Why it’s important for children to play outside in winter

Every winter, as the temperatures drop, so does the amount of time we spend outside. This is especially true for children — playtime can become limited to the indoors.

It may be tempting to hide inside until the weather warms up, but outdoor play is essential for your children’s well-being all year long.

Here are some of the top reasons why you should get your kids outside and active this winter:

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Health benefits of dark skies

Today’s blog comes from Senior Marketing Specialist Sarah McMichael-Chen. 

My most memorable camping memory didn’t come from a crackling campfire, a panoramic lookout, or a stunning sandy beach.

It happened at 3:00 am at Lake Superior Provincial Park.

As I stumbled out of my tent for a late-night bathroom break, I noticed something different about the sky above me. There were stars.

A LOT of stars.

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Nature on the brain

Today’s blog comes from Kelsey Fenwick, senior park naturalist at Blue Lake Provincial Park

Growing up in small town Ontario, I’ve always loved and appreciated the natural world.

Interestingly, I spent most of my life appreciating nature from a distance.

Although my hometown of Dryden is surrounded by the beautiful boreal forest, for most of my life I was content to stick to the familiarity of the paved streets and the “safety” that I perceived as being within city limits.

I was always nervous to stray “off the beaten path” — you’d never catch me backcountry camping or hiking on a trail more than a kilometre in length.

This all changed for me after high school when I scored a summer job working outdoors. The idea of having to venture from that familiar beaten path was really intimidating, but I’m so glad I took the chance because it changed the course of my life and career.

I realized how good I felt after coming home from work.

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Waldeinsamkeit: solitude in the forest

Picture this: you’re alone, deep into a forested trail. Your only companions are the birds fluttering from branch to branch around you. As you walk, you follow a corridor made of pillars of ancient trees, and smell the earthy aroma of moss and damp leaves.

How do you feel? It’s hard to describe, but the words which immediately come to mind are calm, peaceful, and contemplative. You feel a deep-rooted connection to the world around you, and you are reminded of the importance of our natural environment.

There’s a word for that feeling: waldeinsamkeit.

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Health benefits of fishing

Fishing is an iconic Canadian pastime. There’s nothing like spending the day by the water with your friends and family, casting a line and enjoying the great outdoors.

But did you know you can get more than a killer catch from a day of fishing? Fishing actually has benefits for your physical and mental health.

Here are a few ways fishing can improve your overall well-being.

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The scoop on dog poop: why all scat is not the same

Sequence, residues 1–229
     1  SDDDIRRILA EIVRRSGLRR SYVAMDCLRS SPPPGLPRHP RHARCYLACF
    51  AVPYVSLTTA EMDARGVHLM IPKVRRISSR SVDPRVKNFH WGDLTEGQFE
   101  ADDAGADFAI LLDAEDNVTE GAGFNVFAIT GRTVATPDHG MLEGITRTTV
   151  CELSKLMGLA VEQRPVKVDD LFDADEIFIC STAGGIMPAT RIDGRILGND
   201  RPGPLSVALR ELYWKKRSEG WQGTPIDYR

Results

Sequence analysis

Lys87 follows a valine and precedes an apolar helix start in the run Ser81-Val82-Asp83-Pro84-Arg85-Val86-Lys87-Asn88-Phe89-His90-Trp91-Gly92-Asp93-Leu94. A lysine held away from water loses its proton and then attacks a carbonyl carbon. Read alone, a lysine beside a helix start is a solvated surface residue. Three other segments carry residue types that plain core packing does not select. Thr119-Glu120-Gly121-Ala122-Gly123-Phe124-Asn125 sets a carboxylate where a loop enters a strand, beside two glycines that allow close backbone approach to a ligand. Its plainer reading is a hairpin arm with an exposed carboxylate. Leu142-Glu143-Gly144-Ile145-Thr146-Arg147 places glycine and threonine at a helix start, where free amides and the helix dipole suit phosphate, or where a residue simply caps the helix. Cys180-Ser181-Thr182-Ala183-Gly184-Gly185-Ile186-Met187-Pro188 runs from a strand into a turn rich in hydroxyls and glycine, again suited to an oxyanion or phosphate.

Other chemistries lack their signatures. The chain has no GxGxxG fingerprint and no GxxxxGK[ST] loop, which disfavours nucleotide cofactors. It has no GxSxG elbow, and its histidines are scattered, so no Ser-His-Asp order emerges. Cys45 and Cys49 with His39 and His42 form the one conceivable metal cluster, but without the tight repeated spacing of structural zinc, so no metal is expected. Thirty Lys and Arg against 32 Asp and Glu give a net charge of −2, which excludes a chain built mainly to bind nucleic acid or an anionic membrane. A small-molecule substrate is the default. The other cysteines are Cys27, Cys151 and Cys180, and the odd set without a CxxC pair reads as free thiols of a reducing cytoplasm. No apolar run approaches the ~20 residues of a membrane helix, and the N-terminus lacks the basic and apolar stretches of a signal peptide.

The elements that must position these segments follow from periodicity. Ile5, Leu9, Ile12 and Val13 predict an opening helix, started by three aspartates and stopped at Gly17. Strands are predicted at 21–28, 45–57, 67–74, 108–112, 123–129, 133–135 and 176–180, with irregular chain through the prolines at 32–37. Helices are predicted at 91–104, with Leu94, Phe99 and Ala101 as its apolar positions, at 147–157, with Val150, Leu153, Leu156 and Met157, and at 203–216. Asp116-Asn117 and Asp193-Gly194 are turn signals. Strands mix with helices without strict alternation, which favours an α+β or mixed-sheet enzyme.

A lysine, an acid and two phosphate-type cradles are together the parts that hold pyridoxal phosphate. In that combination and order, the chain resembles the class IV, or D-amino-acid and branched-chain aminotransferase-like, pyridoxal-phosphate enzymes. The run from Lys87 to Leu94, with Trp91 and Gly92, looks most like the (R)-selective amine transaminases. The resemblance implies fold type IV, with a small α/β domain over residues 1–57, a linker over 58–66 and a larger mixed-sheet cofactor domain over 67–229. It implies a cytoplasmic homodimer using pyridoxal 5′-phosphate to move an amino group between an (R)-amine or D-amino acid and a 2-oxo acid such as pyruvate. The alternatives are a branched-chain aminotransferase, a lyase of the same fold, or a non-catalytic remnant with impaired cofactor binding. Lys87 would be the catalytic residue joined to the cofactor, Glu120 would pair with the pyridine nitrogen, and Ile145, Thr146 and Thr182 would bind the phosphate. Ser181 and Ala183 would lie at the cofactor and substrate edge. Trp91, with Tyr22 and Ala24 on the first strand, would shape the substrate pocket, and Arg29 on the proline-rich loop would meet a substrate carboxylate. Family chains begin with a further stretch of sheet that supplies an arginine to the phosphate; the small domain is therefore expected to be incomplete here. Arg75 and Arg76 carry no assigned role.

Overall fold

Part of being a good pet owner and park visitor is cleaning up after your dog.

“Stoop and scoop” is a phrase all pet owners have heard for decades, yet park staff are often asked: “why do I need to pick up after my dog when wildlife poop does not need to be picked up?”

It’s a good question. How is dog poop different from raccoon, coyote, moose or even bear scat?

As it turns out, not all scat is the same.

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Try a regular dose of camping for good health

Time to reach for our sleeping bags and tents?

Research shows that camping in nature is good for our mental and physical well-being.

What better reason to head out with family and friends into the great outdoors and sleep under the stars?

Check out the brain and body benefits of camping:

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Healing in the forest: a guide to forest bathing

Let’s take a walk in the woods.

With no specific destination in mind, we will wander, observe and immerse ourselves in nature. Allow our senses to guide us.

When was the last time you walked into the woods with no plans? No final destination? Without a species to ID, hill to climb, or lookout to conquer?

This is exactly the experience offered by a forest bathing session.

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The great outdoors are… great!

Today’s blog comes from Sarah Higginson, a market development specialist with Ontario Parks.

August is over and so is the Healthy Parks Healthy People 30×30 Challenge.

This was my first year taking on the challenge (not counting the year I did it for two days then got distracted) and it was a magical month-long adventure filled with scenery, sunshine, and even some self-awareness!

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Five outdoor activities to improve your health

Who needs a gym membership when you have the outdoors?

Outdoor exercise has a stronger effect on blood pressure and mood than indoor exercise. Stress is relieved within minutes of exposure to nature as measured by muscle tension, blood pressure, and brain activity.

To put it simply, time spent outside is good for you! Let’s take a look at a few fun outdoor activities that can improve your health.

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